It is not a myth that MLB games are too long, especially in the playoffs. In October games, managers are impatient with their pitchers, so the game will last longer. My colleague Charles-Alexis Prespois slipped a word about it a month ago.
What should MLB do to speed up dating?
Enabling dial for launchers would be the solution.
The idea of implementing dial for pitchers is highly supported by administrators throughout MLB. Here is what many have said in this regard.
I like the idea. I like the conversation around it. I like the idea of how we respond to the preferences of our fans, think about the health and vitality of this game and create as much energy and enthusiasm as possible. The initial feedback seems to be very good and now I am very excited to think about the next step.
Ross Atkins, General Manager, Blue Jazz
I am for anything that helps reduce idle time in the game. I am ready for anything. So I think we can do to reduce idle time in the game, obviously everyone has to agree, players and stuff, but I’m for that.
Alex Andopoulos, head of baseball operations for the Braves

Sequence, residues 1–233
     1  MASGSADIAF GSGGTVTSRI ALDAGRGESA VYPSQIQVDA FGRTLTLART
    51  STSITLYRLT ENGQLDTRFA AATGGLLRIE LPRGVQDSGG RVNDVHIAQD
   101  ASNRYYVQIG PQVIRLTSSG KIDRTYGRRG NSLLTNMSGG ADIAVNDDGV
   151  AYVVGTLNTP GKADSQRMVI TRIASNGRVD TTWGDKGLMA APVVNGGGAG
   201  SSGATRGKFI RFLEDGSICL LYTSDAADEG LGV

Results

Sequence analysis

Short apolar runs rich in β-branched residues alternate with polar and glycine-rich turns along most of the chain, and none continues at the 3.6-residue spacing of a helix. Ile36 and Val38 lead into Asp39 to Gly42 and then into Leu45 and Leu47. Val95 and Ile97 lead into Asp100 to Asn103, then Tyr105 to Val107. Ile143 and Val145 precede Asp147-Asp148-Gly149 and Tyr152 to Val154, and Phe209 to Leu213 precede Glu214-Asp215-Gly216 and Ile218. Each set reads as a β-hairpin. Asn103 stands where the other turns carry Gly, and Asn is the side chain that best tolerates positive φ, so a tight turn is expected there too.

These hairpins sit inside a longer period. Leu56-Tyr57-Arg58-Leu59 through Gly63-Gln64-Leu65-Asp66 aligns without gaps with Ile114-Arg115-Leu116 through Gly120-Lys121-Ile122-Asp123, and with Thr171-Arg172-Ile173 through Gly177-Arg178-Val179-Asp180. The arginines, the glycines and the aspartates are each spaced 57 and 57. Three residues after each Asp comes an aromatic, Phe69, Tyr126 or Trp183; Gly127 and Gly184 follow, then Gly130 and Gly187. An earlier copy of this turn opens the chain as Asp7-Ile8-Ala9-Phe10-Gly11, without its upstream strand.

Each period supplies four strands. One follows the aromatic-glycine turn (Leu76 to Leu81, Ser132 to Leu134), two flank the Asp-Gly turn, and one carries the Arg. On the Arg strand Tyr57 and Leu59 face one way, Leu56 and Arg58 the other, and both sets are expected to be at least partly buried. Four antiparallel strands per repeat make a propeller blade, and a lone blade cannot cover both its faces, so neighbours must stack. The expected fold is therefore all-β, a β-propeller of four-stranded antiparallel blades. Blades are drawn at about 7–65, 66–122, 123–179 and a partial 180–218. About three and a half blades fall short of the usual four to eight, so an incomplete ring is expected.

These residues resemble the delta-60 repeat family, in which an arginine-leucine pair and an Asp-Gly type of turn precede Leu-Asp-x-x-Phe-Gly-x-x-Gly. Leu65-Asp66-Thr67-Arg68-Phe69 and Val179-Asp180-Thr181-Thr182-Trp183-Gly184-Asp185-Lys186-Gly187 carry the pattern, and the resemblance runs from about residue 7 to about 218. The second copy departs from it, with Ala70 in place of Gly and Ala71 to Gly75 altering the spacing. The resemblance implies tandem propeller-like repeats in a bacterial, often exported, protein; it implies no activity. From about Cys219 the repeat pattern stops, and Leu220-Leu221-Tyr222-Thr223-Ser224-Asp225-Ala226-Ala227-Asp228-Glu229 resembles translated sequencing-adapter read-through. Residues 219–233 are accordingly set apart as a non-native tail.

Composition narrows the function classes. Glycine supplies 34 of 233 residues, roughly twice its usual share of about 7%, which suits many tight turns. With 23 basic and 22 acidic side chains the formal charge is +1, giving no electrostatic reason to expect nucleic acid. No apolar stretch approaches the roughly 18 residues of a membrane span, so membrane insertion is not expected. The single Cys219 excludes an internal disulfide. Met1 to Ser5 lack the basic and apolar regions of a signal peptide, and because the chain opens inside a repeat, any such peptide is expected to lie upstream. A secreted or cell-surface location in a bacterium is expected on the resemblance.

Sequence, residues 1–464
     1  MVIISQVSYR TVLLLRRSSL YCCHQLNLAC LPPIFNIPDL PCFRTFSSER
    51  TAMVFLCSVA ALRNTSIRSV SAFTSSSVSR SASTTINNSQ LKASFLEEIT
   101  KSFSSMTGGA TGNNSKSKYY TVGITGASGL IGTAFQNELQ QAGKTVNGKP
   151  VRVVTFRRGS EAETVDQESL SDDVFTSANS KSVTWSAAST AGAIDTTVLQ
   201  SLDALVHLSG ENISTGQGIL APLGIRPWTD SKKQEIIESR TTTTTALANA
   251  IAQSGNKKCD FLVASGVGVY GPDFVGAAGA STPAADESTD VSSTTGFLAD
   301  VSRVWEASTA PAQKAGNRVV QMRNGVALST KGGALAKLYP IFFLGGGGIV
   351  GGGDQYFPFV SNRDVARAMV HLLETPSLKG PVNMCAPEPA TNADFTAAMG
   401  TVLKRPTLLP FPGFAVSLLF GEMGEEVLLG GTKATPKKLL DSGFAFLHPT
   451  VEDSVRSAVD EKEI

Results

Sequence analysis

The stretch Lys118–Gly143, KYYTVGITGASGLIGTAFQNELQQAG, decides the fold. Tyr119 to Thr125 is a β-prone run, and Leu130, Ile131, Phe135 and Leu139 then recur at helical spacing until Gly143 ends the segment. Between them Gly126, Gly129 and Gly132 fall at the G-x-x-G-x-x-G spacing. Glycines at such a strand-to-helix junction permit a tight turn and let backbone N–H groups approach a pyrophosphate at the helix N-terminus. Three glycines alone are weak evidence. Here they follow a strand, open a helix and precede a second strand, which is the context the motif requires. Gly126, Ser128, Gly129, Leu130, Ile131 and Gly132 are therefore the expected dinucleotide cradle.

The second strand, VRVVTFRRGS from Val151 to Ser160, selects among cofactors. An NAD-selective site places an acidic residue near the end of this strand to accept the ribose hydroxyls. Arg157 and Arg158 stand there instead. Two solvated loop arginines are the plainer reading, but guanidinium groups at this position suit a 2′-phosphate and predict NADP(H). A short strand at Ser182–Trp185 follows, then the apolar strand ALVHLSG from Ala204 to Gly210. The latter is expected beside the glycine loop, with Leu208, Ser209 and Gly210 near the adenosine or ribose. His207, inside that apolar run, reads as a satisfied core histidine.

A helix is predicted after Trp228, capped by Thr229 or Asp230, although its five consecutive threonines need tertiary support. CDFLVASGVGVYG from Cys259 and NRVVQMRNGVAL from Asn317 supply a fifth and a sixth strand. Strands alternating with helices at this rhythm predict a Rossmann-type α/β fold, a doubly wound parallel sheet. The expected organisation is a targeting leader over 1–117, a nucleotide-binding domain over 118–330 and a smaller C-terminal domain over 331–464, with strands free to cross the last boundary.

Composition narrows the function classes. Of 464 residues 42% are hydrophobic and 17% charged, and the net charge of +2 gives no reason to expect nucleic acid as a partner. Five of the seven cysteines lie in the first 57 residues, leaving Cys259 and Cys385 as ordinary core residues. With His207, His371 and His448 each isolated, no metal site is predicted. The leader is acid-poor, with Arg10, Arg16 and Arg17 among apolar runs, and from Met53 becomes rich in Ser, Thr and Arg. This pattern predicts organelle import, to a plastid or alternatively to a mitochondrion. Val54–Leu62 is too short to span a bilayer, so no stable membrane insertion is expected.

I think (all the rule changes) are interesting, but the dial has always been of interest to me because it is something we have slowly implemented over time in the game of baseball. I think this will be very beneficial for both the playing time and the action we see on the field. As a field, we want the game to be even more enjoyable.
Jerry Depot, head of baseball operations for Marines
Obviously, as with all rules, the dial should be introduced gradually, but I think this would be a great way to speed up meetings. Since senior pitchers have been in their habit for many years, they will be difficult to adjust, but if it improves the game, they will be in favor.
MLB actually implemented the dial for 15-second pitchers at low A last season and it worked well. Fall League, Arizona, uses a dial.
Throughout the league, the idea seems to catch on, and you can see the dial on the MLB sooner than you think.